The current standard in understanding addiction assumes that specific personality traits can sometimes be indicators of a person’s risk in developing dependency and addiction to harmful substances. It is important for those who are beginning to realize they require help and concerned family members to try and learn what they can in regards to understanding the reasons and patterns associated with addiction.
The following are some of the most common personality traits:
- Low self-esteem
- Alienation from others
- Impulsivity and risk taking
- Value or respect for “nonconformity” in others
- High levels of extraversion or self-monitoring
- Anti-social behavior
- Unable to delay gratification
- Tolerance of surrounding deviant behaviors and individuals
- Rebellious behavior as a child or young adult
- Large amounts of social anxiety and self-consciousness
- Maladaptive behaviors involving rituals, aggression or self-harm used to cope with a situation
- Existing in a high-stress environment (relative to the individual) and lacking coping skills
- Attention seeking and hyper-sexuality
The Role of Genetics in Addiction
We know that genetics are proven to play a role in addiction, and that they can provide the baseline or blueprint to the personality traits described. Without the genetic predisposition, the manifestation of related mental health conditions/disorders will not occur. The New Frontiers article, ‘Addiction and Choice: Theory and new data’ contains a number of collated studies that brings us up to date on the genetic factors that predispose addiction risk.
In addition to the basic personality traits agreed to be prevalent in addiction, it is important to realize that not all substance users will become heavily dependent. According to a New York Times article, up to 20% of the populous reportedly will never become addicted to substances due to the feel-good hormone, anandamide. The hormone has a calming effect, and while everyone has the chemical, a percentage of the population has more due to having less of the FAAH enzyme that stops the chemical working its beneficial properties.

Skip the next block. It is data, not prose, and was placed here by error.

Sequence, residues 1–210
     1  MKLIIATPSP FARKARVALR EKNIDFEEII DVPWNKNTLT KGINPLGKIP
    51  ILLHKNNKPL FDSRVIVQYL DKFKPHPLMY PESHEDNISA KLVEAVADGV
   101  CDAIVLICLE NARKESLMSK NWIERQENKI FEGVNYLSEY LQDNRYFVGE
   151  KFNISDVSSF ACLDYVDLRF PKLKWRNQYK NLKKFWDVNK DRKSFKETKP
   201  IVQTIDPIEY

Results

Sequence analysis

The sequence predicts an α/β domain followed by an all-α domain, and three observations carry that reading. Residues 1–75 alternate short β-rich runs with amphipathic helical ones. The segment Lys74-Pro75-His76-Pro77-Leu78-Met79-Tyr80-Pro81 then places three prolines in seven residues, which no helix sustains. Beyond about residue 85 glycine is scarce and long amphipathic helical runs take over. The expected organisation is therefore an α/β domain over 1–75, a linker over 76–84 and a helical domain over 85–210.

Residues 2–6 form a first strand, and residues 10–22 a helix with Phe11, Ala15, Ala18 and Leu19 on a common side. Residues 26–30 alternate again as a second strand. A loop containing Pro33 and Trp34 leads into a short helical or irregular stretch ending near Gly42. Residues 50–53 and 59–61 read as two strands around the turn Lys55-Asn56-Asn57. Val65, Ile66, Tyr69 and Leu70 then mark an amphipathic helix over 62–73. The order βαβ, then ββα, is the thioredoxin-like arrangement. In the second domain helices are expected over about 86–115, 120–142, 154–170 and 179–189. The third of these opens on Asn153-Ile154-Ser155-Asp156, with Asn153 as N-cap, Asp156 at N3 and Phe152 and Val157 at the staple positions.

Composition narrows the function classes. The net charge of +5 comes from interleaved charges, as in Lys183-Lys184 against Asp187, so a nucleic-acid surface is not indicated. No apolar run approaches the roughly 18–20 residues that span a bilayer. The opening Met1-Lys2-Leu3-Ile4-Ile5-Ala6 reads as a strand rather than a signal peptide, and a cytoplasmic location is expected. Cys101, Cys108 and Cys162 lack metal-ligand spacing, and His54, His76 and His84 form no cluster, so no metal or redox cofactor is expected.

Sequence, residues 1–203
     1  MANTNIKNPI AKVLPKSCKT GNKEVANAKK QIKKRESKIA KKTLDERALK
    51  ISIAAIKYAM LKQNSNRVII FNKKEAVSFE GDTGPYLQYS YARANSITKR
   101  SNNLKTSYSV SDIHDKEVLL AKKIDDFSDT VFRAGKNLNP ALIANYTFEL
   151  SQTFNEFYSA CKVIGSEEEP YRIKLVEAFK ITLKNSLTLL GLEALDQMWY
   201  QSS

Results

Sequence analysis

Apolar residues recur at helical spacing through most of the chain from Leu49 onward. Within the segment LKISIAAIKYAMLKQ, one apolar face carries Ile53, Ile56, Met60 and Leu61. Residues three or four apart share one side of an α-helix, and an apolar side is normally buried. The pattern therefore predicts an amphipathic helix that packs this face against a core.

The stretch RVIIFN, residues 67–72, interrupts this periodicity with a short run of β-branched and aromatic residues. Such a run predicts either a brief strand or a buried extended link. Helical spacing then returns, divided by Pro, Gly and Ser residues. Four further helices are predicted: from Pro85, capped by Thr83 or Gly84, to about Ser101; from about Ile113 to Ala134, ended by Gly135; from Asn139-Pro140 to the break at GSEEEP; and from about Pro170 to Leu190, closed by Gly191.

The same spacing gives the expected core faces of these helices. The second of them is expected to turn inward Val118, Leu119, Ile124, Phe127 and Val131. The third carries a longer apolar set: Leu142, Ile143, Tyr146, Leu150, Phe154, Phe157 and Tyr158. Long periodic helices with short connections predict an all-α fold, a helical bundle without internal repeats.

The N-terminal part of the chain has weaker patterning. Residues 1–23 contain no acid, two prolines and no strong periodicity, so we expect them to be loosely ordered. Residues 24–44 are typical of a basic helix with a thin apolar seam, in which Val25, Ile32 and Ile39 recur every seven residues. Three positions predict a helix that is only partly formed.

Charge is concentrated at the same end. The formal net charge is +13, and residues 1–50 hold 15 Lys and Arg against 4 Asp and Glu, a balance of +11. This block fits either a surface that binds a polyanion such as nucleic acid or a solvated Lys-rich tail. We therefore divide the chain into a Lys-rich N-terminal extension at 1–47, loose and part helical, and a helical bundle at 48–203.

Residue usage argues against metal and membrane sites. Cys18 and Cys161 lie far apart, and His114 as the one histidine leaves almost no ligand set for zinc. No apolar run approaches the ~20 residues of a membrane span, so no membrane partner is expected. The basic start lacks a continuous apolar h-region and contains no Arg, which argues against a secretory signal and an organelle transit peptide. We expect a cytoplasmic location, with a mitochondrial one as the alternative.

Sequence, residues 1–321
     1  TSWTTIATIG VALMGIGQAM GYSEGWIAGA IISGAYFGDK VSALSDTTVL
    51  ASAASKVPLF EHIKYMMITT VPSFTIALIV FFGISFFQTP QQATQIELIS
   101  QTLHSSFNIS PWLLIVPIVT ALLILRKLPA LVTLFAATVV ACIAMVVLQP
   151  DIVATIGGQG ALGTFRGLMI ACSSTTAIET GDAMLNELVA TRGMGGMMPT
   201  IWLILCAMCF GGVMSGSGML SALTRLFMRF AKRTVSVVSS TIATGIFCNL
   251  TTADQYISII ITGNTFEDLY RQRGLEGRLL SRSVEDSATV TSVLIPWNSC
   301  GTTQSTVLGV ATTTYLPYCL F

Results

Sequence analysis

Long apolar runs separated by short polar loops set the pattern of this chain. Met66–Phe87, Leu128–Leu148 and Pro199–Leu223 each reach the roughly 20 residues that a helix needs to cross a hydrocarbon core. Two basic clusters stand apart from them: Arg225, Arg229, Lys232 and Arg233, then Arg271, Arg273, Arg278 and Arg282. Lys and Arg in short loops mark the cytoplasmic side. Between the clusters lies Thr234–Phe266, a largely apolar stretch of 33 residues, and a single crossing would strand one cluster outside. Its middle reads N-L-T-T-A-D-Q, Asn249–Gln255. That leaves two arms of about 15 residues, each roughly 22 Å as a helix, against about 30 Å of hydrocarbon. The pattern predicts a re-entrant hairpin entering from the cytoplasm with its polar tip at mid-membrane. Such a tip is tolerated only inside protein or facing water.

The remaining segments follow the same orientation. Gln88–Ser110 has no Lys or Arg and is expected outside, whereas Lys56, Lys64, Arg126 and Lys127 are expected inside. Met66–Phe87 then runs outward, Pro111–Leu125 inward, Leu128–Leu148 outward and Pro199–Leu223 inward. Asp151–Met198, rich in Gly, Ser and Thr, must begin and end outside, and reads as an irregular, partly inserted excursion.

This alone means that a staggering number of people don’t have this chemical in good supply, meaning they are all at risk of developing addiction. This supports why we must continue to research and treat those with addiction-friendly genes. With greater understanding of the physiological reasons for behavior, we also open up future opportunities to treat addiction via medication to settle those with likely chemical imbalances.
What Makes Us Different
The way we are genetically programmed differs from person to person, with certain mental health conditions now understood to have distinct differences in brain chemistry, stemming from genetic mutations over many years of evolution. Our genes are dependent on hereditary inheritance and also react to the environments we live in.
The way we absorb the Dopamine hormone is of particular note. They say that approximately two thirds of the population have a normal receptor, while around 30% carry a genetically different dopamine response, and have up to 40% lower amount of dopamine receptors - meaning that they will be much more likely to seek out artificial flushes of dopamine or pleasure-seeking activities to feel good. This may be far too an excessive response for those with the first D2DR type 2 gene – or those with more receptors. The 30 percent of those with this mutation are more susceptible to drink and drug addiction and need more of a substance to feel the same high or effect - also explaining ‘tolerance’. The D2DR type 1 population are natural ‘risk-takers’ – born with impulsivity – possibly due to the physiological reactions they are naturally in built to have – they essentially need more of a stimulant (whether a substance or an experience) to ‘feel’ to the same levels than others in the population.
The more information available to the addict and their immediate circle of support is critical in creating the best chances to recover and stay clean. Taking the first step is often the hardest part of the journey, and admitting to oneself that there is a real problem is a clichéd yet very real part of the recovery process. The will to want to recover and change a lifestyle in all areas will, by and large, be far more likely to see a person succeed and break free from a lifetime of addiction. The cycle of behaviors and coping mechanisms seen in addictive personalities can be recognized by experts but also via decent online research for those to begin self-assessment.
Our network of UK-Rehab.com clinics includes specialists in every form of addiction or destructive compulsive behavior. It includes NHS rehab programs, private rehab centers and even luxury rehab clinics. NHS rehab funding restricts the number and availability of alcohol and drug rehab treatment centres offering free addiction treatment, so there may be waiting lists and outpatient counseling may be compulsory before you can get residential rehabilitation.